Epistemology and Other Philosophical Schools

Paper Info
Page count 3
Word count 879
Read time 4 min
Topic Philosophy
Type Essay
Language 🇺🇸 US


Throughout history, the attention of philosophers was directed to the attempts to grasp the meaning of life and the search for universal wisdom. However, despite the common intention, their approaches differed depending on their perceptions of reality, which resulted in the emergence of numerous schools. In other words, the reasoning behind the examined phenomena defined the overall outcome of a thinker’s activity, and it, in turn, affected the development of the ideas of disciples with similar views. In order to understand the role of major schools, it is vital to study them with the inclusion of the leading figures belonging to them.

This paper aims to consider such directions of philosophical thought as analytical and empirical epistemology, social and political philosophy, and existentialism. Moreover, it provides a perspective on the strongest of these schools based on the conducted analysis in terms of their applicability to real life.

Analytical and Empirical Epistemology

The first school under consideration is epistemology, and it implies the central role of knowledge in the process of cognition. Its ideas can be divided into theoretical and practical orientations or, in other words, analytical and empirical sub-types. The former was explicitly represented by Socrates, who claimed that “human existence is a special kind of knowledge,” which affects one’s actions and motivation (Soccio, 124).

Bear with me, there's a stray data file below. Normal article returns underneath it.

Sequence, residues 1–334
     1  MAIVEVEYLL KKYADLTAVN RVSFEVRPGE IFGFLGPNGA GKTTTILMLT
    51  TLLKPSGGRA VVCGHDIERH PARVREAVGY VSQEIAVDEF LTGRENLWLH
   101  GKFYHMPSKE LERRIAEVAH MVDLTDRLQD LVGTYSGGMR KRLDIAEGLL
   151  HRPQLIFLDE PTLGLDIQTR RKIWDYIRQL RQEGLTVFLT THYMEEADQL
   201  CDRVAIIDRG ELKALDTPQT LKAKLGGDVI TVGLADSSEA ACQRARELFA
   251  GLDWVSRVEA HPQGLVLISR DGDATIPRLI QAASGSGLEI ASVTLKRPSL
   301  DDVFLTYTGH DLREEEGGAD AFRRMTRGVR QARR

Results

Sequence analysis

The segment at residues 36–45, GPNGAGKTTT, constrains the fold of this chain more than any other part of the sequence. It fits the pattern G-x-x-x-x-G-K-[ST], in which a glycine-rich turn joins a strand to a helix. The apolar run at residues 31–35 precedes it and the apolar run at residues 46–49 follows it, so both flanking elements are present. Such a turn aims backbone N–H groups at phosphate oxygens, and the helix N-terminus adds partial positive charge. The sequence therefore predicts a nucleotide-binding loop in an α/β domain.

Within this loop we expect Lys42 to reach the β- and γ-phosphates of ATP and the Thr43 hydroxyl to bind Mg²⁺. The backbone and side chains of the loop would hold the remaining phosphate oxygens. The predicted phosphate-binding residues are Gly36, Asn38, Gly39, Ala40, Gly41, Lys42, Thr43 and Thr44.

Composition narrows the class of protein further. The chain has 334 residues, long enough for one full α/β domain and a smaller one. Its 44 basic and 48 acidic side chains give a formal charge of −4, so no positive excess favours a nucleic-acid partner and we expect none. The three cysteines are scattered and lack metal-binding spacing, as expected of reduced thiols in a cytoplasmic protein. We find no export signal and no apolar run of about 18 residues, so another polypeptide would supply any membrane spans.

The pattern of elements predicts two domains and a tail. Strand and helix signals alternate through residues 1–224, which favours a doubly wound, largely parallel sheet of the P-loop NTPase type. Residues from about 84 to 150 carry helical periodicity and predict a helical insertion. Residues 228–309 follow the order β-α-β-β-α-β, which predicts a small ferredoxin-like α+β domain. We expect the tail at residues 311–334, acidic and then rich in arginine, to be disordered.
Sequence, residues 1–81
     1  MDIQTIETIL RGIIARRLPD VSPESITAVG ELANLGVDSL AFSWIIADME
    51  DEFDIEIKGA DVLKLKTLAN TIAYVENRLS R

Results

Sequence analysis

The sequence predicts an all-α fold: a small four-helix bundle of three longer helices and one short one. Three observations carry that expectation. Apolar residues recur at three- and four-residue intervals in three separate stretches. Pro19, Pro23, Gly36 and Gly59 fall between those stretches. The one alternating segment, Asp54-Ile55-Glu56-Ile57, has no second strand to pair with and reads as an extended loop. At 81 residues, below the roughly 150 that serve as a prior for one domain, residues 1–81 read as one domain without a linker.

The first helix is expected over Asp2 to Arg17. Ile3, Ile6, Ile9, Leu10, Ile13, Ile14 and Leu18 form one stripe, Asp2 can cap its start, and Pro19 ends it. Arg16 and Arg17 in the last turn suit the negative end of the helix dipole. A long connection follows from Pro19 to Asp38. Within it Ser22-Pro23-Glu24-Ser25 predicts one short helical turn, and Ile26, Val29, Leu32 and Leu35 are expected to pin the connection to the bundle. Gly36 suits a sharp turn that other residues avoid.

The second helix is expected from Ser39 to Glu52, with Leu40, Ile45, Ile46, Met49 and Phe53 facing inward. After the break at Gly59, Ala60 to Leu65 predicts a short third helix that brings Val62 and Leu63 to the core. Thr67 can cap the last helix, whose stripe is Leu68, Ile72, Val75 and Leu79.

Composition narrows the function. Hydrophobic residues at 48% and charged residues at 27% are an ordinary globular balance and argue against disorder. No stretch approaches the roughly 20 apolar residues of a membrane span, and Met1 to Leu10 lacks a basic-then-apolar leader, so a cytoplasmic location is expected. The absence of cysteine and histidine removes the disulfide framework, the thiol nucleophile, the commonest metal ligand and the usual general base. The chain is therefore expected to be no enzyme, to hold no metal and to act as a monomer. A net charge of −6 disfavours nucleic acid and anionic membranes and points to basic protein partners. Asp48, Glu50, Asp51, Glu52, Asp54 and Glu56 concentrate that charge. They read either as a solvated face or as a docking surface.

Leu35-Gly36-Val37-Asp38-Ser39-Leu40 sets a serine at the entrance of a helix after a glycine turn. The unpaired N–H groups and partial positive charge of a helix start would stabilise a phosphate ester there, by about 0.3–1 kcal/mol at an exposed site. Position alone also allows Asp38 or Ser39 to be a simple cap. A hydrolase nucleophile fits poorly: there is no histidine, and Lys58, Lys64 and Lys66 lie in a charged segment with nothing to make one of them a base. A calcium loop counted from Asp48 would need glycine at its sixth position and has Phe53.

In this way, he highlighted the interconnection between knowledge and behavior. In turn, the latter’s prominent figure was Plato, whose orientation was both on ideas and physical changes. Meanwhile, he emphasized the importance of “the problem of knowledge” for the practical solution of all tasks posed by the field (Soccio, 131). Thus, he used observations to explain the concept of “the world of becoming,” which means the reality one can experience through the senses (Soccio, 132). Hence, these philosophers laid the basis for the examination of world phenomena on the grounds of knowledge in all its forms.

Social and Political Philosophy

Such a direction as a social and political philosophy is aimed at defining the issues through the consideration of corresponding entities. They are engaged in the discourse on government and “the exercise of power” and “the effects of social institutions on individuals,” respectively (Soccio, 4). In this way, the belonging of philosophers to this school is characterized by their attention to society and politics. One of the most prominent thinkers of this branch of philosophy was Karl Marx, whose ideas regarding the political situation in the world contributed to the development of this field.

Thus, for example, he openly expressed criticism of the Russian government and the rulers of Prussia (Soccio, 369). He also sympathized with exiled German workers and French laborers, thereby highlighting the need for a drastic change in society for their benefit (Soccio, 369). Another philosopher who contributed to the progress of this school was David Hume. At some point in his career, he “turned to politics and history” to explain his views on acute social problems (Soccio, 289). Hence, the use of these disciplines allowed the philosophers to consider the issues through the lens of existing institutions.